UF will be able to come out on top if the school can get as many people to recycle as possible, Vitt Said.

All students at UF can participate by reducing waste, bringing their own water bottle or reusable Tupperware to events such as Krishna, Vitt said.

"UF students can participate in the competition by recycling things that can be recycled, and encouraging others to do so," Smith said. "So much gets thrown away that can be recycled. This is where the students need to make changes in their own lives."

Every week the numbers change so there is no way of knowing for sure where UF stand against the other universities currently, said Recycling and Solid Waste Coordinator Dale Morris. UF does not look at the numbers until the end of the competition since it varies each week.

One thing that may hurt where UF falls is that UF weighs all the recycled material and report real numbers, Morris said. Other universities use estimates, and it is easy to overestimate how much is being recycled. 

"A lot of the time the colleges that win at the top of the per capita category tend to be places you have never heard of," Morris said. "It seems like to me if I haven't heard of them they probably aren't very big, so they are probably overestimating."

When UF switched to weighting, not estimating, all the recycled materials the numbers went down, Morris said. This may be why the school has not placed since the first year we participated.

"Recycling is the right thing to do," Morris said. "We are always looking for ways to continue improvement at UF."

Student interns, finds new major

Background Info: This story was written about a real student in one of the lab section. 

Stephanie Siler was able to find a new major through an internship at the Belmont Child Care Association. 

Siler’s work at the BCCA lead her to realize that public relations would be a more flexible major than business. 

The internship was offered to Siler through her mom’s best friend, who is the Executive Director of the BCCA. The organization never had an intern before Siler, so they were not expecting much.

“I really loved it, so I asked for more responsibilities and hours,” she said. 

Her favorite part of interning at the BCCA was getting to see the kids leave the daycare each day, Siler said. 

“Every day all the little girls would come by and show us what they were wearing or the arts and crafts they had made that day,” she said.

She loved seeing the opportunities that the kids had by being there, Siler said. Before the daycare was created, these kids were being left home alone while their parents were out working. 

While at the BCCA, Siler started out doing business tasks, but as she took on more responsibilities, the tasks became more public relations themed, she said.

Siler was able to plan different events for the organization, work with other organizations and interact with people, she said. She liked these tasks more than working with numbers.

“It became a lot clearer that I really liked Public Relations,” she said. “I really liked interacting with people over the business aspect of the role.”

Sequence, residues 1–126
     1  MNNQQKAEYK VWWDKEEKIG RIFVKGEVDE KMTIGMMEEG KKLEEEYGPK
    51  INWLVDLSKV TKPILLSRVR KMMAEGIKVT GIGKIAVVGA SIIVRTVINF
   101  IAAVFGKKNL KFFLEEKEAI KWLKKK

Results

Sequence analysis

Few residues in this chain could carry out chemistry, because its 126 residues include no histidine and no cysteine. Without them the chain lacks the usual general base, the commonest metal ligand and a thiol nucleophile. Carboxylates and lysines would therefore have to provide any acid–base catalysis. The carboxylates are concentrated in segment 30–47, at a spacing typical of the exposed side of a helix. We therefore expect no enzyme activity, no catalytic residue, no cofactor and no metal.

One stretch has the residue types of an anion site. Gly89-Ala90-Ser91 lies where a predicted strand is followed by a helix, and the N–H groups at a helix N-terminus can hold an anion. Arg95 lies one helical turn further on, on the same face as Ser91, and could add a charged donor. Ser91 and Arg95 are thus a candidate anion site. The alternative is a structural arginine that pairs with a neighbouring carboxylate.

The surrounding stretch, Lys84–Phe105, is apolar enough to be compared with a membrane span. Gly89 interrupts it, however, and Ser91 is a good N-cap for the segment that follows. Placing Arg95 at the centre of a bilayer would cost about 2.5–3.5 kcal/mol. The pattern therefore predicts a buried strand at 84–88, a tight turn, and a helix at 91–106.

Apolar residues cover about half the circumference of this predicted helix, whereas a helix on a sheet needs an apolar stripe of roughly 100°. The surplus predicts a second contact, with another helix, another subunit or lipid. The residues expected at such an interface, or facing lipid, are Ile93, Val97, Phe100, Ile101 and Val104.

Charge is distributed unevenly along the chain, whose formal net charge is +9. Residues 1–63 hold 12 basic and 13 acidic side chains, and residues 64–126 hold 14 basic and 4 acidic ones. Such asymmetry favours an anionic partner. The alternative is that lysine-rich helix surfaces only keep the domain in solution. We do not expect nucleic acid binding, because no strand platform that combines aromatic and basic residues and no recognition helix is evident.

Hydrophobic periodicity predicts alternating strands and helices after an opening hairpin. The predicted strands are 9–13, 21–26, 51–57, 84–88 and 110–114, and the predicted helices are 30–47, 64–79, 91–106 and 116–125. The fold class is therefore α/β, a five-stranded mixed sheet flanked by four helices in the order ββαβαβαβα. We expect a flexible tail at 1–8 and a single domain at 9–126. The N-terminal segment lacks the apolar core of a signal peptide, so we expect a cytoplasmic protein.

When Siler realized that she liked the public relations side of the role more, she decided to change her major, Siler said. 

“It gave me a lot more freedom to do different things and explore different things,” she said. 

Through this experience, Siler hopes to give real-life guidance to those doubting their major or career choice, she said. 

“Business and PR are not hugely different, but PR gives me so much more flexibility,” she said. 

Two deer enter local Gainesville shops in search of music and coffee

Background Info: This story was written off of a prompt from a lab instructor.

On Sunday afternoon at about 1:30 p.m., two deer from the Millhopper area were startled and took off towards the Hunter Crossing Shopping Center. 

Once there, one of the deer entered Deb Bordeaux's store, Hoggtowne Music. The other entered Howard Michaelson's store, Starbucks. 

The first deer came crashing through the window, Bordeaux said. Ten customers were in the store at the time. 

"I was worried that it would hurt someone," Bordeaux said.

The deer ran into a customer and then jumped behind the register, Bordeaux said. Everything was chaotic until someone was told to open the front door.

The deer was out the door and gone once it was opened, Bordeaux said. 

The deer caused about $1,000 in damage, and no one was hurt, Bordeaux said. A window needs to be replaced, but the store remains open for business.

The second deer smashed through the front door of Starbucks, Michaelson said. The deer leaped past him as he was arranging items outside.

The deer went to the back of the store and tried jumping over a table where two customers were sitting, Michaelson said. The deer slipped but did not seem hurt. After that, the deer turned around and left.

The store didn't lose any merchandise, and the door will cost $900 to get fixed, Michaelson said. Only six customers were in the store, and no one was hurt.

"The deer have been our neighbors since the shopping center opened,” Michaelson said. “No way anything like this has happened before.”

Deer are usually shy around humans, said Professor in the Department of Wildlife and Ecology and Conservation at the University of Florida Brad Woodleigh. 

"Sometimes during mating season they can behave in unusual ways," Woodleigh said. 

In North Central Florida, mating season is typically is October through January but can last into February, Woodleigh said. The incident is surprising because it is late in the year for the deer to be acting like that.

Deer do not usually hurt people directly, but sometimes their lives conflict with ours, Woodleigh said.

"It's possible they were after one last fling," Woodleigh said.